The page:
The Milwaukee Harley-Davidson dealership
has been acquired by St. Charles, Illinois-based Windy City Motorcyle Group for an undisclosed price. The transaction closed on Nov. 23.
[caption id="attachment_138450" align="alignright" width="356"]
Harley-Davidson's Dark Custom Roadster.[/caption]
Milwaukee Harley-Davidson, located at 11310 W. Silver Spring Road in Milwaukee, reopened on Friday. It had been closed since Oct. 22 while the new owners took inventory and completed the transition.
Chaz Hastings previously owned the dealership. He and the new owners were engaged in a legal battle in Illinois over the past year about the disclosure of all financial information. The suit has now been dropped and all parties are happy with the deal, said Justin Johnson, chief operating officer of Windy City.
As of early September, Milwaukee Harley had 27 employees, but it is now down to eight and has a new general manager, Goran Zadrima. Johnson currently is working to hire another 20 employees in Milwaukee.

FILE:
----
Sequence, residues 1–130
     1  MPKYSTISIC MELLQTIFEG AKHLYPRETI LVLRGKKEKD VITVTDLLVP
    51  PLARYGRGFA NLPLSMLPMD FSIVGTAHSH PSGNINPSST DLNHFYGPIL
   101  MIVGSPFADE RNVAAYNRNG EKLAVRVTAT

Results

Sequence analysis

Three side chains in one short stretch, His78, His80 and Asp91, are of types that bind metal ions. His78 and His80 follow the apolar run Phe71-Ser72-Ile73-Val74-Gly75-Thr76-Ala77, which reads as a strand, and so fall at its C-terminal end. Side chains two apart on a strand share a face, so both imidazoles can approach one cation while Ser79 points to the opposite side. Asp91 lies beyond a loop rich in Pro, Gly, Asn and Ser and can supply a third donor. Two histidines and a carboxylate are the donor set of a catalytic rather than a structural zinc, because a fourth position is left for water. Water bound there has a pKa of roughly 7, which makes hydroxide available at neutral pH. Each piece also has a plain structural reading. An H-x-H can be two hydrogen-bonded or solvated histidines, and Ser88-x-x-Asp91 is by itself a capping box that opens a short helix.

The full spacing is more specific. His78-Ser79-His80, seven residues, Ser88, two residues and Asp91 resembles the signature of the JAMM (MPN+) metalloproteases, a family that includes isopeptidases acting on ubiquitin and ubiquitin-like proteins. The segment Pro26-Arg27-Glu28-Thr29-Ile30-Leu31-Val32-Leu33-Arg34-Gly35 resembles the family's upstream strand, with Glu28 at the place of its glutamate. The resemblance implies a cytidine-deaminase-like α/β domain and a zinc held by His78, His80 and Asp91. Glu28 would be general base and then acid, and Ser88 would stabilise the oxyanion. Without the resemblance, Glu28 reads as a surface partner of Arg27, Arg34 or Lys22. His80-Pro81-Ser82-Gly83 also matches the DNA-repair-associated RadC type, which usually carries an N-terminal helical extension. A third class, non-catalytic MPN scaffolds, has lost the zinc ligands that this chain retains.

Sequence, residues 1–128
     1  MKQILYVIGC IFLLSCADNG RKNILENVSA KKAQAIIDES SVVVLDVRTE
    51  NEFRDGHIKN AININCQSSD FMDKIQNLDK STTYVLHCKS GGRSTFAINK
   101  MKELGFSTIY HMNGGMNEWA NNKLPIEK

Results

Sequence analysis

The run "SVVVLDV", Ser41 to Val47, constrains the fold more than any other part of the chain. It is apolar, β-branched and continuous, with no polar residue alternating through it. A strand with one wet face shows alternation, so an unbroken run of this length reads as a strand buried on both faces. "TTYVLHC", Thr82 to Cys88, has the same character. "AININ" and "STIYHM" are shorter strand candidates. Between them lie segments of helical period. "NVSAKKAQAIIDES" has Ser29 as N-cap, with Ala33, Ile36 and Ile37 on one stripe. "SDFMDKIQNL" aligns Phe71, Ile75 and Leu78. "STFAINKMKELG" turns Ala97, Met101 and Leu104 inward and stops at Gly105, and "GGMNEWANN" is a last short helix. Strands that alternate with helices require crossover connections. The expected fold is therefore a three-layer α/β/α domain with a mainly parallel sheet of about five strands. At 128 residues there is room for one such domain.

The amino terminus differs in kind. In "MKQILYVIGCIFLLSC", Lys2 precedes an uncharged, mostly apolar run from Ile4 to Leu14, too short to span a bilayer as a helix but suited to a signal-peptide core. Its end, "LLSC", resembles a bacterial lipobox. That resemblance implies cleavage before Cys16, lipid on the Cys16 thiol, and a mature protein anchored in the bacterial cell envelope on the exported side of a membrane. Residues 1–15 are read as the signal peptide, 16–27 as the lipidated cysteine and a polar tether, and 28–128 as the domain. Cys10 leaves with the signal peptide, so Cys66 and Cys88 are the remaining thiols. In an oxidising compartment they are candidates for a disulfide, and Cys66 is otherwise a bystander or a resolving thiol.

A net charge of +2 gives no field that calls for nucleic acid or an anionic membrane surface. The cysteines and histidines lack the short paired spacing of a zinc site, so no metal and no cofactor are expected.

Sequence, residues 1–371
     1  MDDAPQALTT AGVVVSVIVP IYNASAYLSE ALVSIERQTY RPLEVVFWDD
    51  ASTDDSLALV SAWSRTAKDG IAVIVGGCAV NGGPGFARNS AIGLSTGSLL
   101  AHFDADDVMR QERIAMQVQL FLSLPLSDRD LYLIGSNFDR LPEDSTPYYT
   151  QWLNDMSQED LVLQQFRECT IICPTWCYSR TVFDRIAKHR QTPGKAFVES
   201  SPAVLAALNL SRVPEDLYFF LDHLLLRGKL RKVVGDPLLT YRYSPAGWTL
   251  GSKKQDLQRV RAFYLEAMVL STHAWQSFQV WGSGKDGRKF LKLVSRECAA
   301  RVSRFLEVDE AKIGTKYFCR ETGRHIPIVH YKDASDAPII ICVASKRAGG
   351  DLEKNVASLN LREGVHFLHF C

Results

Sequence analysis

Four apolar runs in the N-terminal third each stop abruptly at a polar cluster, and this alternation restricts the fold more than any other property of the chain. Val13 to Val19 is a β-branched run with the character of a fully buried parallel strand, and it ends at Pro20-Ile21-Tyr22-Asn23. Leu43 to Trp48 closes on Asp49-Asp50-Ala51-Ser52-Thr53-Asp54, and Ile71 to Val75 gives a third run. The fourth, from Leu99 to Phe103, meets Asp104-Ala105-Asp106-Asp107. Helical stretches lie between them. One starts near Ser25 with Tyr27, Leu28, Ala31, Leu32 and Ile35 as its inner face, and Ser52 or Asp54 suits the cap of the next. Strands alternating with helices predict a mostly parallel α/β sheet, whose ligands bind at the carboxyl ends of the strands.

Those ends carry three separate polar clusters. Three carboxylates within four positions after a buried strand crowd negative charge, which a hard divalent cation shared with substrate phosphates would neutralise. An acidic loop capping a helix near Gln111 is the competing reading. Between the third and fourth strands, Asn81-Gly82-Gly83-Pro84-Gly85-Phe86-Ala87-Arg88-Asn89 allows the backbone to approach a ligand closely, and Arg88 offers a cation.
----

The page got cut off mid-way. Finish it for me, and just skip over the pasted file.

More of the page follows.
Windy City Motorcycle Group has more than 250 employees at six other Harley-Davidson dealerships in the Chicago market. This is its first Wisconsin location, and it plans to add its riding academies and group tours to the market.
“We’re super excited,” Johnson said at the reopening event Friday. “The Windy City Motorcylce Group is just beyond elated to have Milwaukee Harley-Davidson as part of its operation. The all-new Milwaukee Harley-Davidson is going to bring some tremendous stuff to the marketplace. We really focus on exceptional customer experiences and operations, and that’s what we plan to bring here to Milwaukee Harley-Davidson.”
Windy City also is pursuing other dealership acquisitions, and said its economies of scale allow it to run more efficiently.
“I think Harley-Davidson understands that a sophisticated, multi-store dealer/operator has the ability to provide far more superior customer service by being able to invest more heavily in infrastructure, operations, employee training and customer support mechanisms,” Johnson said. “And while the single store operator has certain benefits, it is very tough to remain viable in the modern economy and to provide the level of customer service and experience that our dedicated and loyal customers have grown to demand and deserve.”